Something must be done by public bodies to insist on the testing of suspected cows, and the frequent sampling and testing of public milk supplies. Educational authorities should urge farmers to take a personal interest in the matter and stamp out disease by keeping cowsheds sanitary and paying strict attention to cleanliness of milking.

It must be brought home to the farmer that it is his duty to produce an article which is acceptable to the public by being pure, of high quality, and free from the germs of infectious disease. It is only by working on these lines that the farmer can hope to gain the confidence of the consumer.

Races weather

Nothing is more necessary to the complete success of the Galway meeting next Wednesday and Thursday than the rainfall which is pretty general all over Ireland at present.

I learn from a reliable source that Galway is getting its quota and that the course is in good condition. This is all necessary to induce owners and trainers to send on horses, and I have no fear that runners will be plentiful on both days.

Writing as a metropolitan, I can safely predict a great attendance – one can only wish he could predict other things so surely. On all sides one hears the questions, “Are you going to Galway? Have you booked your room” and a reference to “the fun of the fair,” otherwise the Bazaar, nearly always follows.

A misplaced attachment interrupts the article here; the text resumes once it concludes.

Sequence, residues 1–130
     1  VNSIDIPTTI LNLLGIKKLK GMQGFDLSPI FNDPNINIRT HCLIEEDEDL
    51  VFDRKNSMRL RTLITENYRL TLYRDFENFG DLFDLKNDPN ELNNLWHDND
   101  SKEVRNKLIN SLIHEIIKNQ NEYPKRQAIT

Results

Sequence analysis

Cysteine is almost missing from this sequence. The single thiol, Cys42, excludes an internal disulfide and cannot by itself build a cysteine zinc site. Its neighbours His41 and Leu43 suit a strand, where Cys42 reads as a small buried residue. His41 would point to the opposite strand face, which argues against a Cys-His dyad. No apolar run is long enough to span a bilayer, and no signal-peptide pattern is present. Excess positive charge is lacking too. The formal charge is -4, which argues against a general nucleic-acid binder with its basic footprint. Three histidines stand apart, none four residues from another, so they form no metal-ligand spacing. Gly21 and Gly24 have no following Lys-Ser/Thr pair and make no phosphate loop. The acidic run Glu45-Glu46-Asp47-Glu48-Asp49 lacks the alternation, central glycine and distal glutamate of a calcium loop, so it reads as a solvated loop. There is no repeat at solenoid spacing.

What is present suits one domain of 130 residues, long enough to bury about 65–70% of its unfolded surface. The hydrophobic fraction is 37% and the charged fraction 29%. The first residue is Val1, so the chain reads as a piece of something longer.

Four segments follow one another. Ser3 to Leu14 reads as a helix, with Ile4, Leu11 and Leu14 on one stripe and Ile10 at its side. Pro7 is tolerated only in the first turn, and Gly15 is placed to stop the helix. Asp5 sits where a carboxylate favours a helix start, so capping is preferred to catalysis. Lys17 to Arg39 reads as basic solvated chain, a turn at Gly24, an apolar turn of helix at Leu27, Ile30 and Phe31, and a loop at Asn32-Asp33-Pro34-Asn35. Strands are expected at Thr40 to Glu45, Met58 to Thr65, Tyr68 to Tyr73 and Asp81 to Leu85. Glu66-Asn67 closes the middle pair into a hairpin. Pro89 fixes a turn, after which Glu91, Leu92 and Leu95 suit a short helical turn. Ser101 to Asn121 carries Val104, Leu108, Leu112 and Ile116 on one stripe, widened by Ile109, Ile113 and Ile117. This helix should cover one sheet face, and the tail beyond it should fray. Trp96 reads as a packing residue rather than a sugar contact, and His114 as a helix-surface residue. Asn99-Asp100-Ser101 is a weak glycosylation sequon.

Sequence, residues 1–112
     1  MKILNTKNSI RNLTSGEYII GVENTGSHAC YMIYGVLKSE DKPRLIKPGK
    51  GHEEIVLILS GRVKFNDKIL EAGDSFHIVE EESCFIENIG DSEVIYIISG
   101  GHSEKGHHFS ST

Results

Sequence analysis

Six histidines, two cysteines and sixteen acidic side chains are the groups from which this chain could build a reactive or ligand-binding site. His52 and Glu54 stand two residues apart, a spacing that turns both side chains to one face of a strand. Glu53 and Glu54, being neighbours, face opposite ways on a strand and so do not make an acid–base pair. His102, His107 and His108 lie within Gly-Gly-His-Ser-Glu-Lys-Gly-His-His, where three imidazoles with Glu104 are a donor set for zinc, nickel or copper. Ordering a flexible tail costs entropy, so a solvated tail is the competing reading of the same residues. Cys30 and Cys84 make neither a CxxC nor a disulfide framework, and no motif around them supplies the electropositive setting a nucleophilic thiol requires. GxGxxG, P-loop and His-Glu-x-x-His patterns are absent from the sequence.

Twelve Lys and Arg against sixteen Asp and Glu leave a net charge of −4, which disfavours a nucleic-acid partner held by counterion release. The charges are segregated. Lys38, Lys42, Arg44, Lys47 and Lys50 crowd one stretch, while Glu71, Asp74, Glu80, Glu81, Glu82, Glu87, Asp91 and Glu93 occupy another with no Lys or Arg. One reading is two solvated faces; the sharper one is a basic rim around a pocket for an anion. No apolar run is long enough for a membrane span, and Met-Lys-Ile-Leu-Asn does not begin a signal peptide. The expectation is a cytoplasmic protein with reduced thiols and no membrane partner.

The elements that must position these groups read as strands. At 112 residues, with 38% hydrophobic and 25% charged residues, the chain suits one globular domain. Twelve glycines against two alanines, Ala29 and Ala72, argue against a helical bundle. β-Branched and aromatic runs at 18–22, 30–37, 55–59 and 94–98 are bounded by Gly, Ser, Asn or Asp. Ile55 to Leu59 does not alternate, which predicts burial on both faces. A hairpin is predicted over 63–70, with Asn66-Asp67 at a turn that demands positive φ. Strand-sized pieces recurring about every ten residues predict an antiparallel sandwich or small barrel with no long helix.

For more, read this week’s Connacht Tribune.

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Galway in Days Gone By

Galway In Days Gone By

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A man lies on a bed of nails at the opening of Galway Shopping Centre, Headford Road, on October 26, 1972

1921

Silence is golden

Leaders on both sides have stated that the best assistance the country can give in the making of peace is to keep silence.

During the past week there has been a great deal of speculation, most of it harmless enough, as, for instance, the enterprising American journalist’s “exclusive” on the first meeting of the British Premier and the President of the Irish Republic; much of it positively mischievous, as the case of the efforts of a certain journal, which has grown hoary in the reputation for throwing in the apple of discord, to anticipate failure in advance.

Our American colleague was on surer and on safer ground when he told of how de Valera and Lloyd George met.